While I ended up purchasing these shocks, I found this information on my computer. It was put together while I was doing research about shocks.

--------

Tokico Illumina Shocks:
-----------------------

Looks like most current owners of Tokico Illumina's keep them
set on one position most of the time. It doesn't seem to me that
these are the kind of things you'll be adjusting often.

Disadvantages:

1- Convenience. Don't expect to switch the suspension on the fly.
I don't think you'll be able to say, "Oh, hey... look! There's
a corner. Let me adjust my shocks." (faint sound of a car
screeching to a halt, a door slamming, and the cussing of some
guy trying to adjust his shocks on the side of the 2-lane coast
highway) - Probably won't happen.

2- Price. These things are spendy. Average price is $50 more than
a "nice" performance shock. They usually run anywhere from $110/ea
to $150/ea. Average performance shocks (non-adjustables) will run
anywhere from $70 to $90 (or so).

3- Stiffness. Sounds like these shocks are pretty stiff even on
their lowest setting. Again, these are my findings and not my
facts. I have not purchased shocks yet.

4- Comparisons. It's tough to compare these shocks to other shocks
because suspension performance isn't JUST in the shocks.


Advantages:

1 - Flexibility. I'll be able to get the performance of at least
three different responses (yes, they are 5-way adjustables).
Therefore, since one can't go out and buy all the shocks that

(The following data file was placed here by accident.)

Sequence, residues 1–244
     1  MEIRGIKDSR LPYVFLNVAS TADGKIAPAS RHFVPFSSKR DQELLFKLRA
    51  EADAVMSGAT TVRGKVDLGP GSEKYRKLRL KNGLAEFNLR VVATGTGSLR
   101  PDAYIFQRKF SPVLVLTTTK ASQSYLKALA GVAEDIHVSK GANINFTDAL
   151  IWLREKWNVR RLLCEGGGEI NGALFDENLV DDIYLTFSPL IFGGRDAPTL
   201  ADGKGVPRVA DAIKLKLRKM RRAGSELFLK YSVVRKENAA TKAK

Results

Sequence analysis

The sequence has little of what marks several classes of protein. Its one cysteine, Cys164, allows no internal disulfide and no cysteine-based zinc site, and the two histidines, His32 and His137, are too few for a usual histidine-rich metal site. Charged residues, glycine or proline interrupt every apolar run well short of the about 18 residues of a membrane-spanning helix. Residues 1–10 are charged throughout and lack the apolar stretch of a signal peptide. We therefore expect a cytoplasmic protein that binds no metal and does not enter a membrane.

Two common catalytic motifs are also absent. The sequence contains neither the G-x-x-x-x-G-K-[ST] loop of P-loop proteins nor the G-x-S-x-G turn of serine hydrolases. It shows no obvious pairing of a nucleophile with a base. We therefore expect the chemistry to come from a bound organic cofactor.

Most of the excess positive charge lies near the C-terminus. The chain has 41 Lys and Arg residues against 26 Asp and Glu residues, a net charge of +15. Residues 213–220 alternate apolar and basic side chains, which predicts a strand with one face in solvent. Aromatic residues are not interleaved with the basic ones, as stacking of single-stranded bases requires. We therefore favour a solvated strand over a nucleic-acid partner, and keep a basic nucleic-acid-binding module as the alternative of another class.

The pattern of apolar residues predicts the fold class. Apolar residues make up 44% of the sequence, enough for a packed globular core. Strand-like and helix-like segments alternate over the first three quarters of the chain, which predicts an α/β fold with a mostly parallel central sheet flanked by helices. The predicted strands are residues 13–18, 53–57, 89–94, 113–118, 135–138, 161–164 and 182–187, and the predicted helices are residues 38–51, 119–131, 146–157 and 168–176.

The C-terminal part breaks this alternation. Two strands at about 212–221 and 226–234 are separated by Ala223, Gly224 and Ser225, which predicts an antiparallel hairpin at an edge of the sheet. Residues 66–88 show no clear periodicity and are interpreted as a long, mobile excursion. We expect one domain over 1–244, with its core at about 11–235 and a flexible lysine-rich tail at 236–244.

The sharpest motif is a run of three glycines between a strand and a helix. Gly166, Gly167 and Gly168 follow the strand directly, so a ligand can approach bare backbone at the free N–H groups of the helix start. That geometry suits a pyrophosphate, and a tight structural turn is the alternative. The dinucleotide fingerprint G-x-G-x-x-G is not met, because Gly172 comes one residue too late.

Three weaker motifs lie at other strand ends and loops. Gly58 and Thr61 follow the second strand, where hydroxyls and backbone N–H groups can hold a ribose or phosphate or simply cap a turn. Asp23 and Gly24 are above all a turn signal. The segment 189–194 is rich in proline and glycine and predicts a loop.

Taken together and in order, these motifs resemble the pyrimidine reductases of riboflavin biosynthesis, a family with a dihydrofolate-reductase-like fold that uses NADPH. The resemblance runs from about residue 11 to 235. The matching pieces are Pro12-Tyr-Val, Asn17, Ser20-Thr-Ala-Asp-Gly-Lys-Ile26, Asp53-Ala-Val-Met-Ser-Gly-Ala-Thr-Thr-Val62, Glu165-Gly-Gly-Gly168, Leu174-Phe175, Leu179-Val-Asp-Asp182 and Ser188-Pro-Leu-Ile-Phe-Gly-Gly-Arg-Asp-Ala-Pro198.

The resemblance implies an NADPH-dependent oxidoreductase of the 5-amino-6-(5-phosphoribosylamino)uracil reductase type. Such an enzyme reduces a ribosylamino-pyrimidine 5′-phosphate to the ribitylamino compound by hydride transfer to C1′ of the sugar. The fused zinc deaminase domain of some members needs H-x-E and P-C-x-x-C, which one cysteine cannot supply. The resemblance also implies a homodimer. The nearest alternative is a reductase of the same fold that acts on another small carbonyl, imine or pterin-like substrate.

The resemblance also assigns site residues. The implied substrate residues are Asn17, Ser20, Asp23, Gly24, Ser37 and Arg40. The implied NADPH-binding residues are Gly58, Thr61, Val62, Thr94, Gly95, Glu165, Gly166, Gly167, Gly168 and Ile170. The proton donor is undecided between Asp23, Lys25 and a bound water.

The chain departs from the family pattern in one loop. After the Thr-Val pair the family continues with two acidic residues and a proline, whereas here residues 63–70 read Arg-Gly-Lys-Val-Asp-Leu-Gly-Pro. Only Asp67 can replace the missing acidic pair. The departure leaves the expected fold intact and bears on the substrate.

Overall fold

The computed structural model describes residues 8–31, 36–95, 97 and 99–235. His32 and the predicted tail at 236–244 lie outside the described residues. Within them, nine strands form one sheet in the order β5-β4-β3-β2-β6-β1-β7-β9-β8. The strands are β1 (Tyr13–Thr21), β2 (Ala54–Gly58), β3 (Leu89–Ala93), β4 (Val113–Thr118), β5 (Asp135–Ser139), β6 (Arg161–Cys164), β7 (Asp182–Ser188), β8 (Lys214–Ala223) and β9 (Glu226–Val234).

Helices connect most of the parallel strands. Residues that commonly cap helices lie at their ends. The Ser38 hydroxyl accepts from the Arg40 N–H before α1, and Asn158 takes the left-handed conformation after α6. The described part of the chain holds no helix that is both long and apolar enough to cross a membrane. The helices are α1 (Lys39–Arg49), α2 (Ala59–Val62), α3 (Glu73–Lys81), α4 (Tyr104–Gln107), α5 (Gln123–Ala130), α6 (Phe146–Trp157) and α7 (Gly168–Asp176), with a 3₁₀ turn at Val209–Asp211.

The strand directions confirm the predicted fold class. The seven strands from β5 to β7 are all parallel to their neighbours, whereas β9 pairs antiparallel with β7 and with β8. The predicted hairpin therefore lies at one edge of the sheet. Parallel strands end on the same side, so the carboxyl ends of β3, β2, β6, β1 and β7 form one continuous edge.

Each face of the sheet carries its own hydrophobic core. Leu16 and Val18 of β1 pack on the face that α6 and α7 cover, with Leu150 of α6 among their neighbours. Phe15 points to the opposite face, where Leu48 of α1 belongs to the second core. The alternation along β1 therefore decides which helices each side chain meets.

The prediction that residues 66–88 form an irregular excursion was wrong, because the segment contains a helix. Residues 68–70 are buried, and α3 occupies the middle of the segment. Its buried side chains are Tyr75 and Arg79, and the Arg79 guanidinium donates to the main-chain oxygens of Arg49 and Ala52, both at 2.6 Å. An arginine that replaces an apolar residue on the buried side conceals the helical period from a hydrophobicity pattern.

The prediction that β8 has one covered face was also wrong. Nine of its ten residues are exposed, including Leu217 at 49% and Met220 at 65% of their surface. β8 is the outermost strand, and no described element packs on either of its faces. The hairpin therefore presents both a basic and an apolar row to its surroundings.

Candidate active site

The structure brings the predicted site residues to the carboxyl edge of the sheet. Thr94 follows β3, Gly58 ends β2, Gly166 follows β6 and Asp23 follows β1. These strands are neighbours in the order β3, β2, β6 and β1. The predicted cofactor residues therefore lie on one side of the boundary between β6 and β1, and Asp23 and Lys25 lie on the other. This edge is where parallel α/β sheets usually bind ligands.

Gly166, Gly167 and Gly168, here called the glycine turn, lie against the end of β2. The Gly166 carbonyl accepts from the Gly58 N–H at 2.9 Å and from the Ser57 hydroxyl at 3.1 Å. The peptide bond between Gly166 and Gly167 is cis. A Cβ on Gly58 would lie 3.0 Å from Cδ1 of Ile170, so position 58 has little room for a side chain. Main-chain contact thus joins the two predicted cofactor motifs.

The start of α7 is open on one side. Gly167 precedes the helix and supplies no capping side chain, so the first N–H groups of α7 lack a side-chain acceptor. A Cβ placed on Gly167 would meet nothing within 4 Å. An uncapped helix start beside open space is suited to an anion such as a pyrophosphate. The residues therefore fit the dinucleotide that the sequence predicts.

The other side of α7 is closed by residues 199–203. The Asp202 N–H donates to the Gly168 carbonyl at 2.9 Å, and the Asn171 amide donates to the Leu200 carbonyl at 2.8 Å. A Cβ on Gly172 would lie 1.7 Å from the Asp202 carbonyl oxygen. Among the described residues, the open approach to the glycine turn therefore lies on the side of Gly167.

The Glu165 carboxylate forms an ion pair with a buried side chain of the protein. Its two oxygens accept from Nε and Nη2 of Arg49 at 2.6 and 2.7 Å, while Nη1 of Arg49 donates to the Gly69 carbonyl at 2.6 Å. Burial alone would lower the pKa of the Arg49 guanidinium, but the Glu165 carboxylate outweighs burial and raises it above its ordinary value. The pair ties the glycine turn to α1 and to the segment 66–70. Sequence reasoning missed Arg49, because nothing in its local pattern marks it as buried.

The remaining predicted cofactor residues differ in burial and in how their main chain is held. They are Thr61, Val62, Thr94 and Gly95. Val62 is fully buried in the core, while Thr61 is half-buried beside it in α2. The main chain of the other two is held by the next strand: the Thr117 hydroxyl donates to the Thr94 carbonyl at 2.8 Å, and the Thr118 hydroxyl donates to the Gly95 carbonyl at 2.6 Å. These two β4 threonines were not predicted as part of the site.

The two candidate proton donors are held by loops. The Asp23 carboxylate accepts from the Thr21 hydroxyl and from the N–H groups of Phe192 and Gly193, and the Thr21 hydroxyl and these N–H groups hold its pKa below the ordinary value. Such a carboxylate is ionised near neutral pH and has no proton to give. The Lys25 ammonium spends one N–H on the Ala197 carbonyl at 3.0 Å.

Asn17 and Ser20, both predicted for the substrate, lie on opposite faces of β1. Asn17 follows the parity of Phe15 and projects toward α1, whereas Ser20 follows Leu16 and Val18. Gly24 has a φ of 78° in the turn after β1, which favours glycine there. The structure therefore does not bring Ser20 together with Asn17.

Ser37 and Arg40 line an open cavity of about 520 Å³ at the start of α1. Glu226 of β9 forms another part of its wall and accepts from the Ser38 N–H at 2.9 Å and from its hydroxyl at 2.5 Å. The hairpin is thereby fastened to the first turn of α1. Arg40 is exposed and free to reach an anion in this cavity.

they want. It might be safest to buy the adjustables and pick
a setting. If you buy one shock. You're stuck.

2- Adjustable. They are adjustable. So, if you're going to take
a fun ride, pull the car into the garage, and tweak 'em up to
full strength. Then go out and have fun!

3- Price. It's a lot cheaper to buy one set instead of 2-3 sets
of other shocks that don't quite do it for you.

4- Comparisons. I also have this in my advantage list because
IMHO it's a lot safer to buy an adjustable shock and know
that you got the best. Your other route is to buy the
non-adjustable and HOPE that it's what you want. At least
you have a way to "tune" the adjustable shock to what you like.


Conclusion:

Buy the adjustable if you have the $$. If you want to save money
then buy a Tokico non-adjustable. I understand that the non-adjustable
Tokico is about midway between soft and hard on the adjustable. Again,
this is not from experience. Just hearsay - I've talked to a lot of
people about shocks.

If you don't have the cash. You'll have to check into a comparison
done between different non-adjustable brands. This comparison is
to clear up "MY" findings between adjustable and non-adjustable while
considering price/performance/and so on.

Keep in mind that adjustables might be too firm. They are made for
performance. If you want a smooth ride and good performance, look
into replacing the bushings and/or springs.

[m]